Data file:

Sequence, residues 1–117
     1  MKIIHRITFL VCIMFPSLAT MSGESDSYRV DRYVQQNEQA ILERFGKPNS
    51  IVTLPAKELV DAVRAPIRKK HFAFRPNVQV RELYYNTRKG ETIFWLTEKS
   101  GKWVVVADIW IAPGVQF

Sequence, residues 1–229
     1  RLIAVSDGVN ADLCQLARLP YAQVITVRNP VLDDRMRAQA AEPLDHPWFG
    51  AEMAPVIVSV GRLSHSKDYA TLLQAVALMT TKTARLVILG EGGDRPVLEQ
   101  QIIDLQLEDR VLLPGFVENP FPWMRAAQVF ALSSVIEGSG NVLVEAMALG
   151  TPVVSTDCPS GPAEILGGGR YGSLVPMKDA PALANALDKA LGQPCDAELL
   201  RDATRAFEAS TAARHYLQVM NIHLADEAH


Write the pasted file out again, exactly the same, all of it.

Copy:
Sequence, residues 1–117
     1  MKIIHRITFL VCIMFPSLAT MSGESDSYRV DRYVQQNEQA ILERFGKPNS
    51  IVTLPAKELV DAVRAPIRKK HFAFRPNVQV RELYYNTRKG ETIFWLTEKS
   101  GKWVVVADIW IAPGVQF

Sequence, residues 1–229
     1  RLIAVSDGVN ADLCQLARLP YAQVITVRNP VLDDRMRAQA AEPLDHPWFG
    51  AEMAPVIVSV GRLSHSKDYA TLLQAVALMT TKTARLVILG EGGDRPVLEQ
   101  QIIDLQLEDR VLLPGFVENP FPWMRAAQVF ALSSVIEGSG NVLVEAMALG
   151  TPVVSTDCPS GPAEILGGGR YGSLVPMKDA PALANALDKA LGQPCDAELL
   201  RDATRAFEAS TAARHYLQVM NIHLADEAH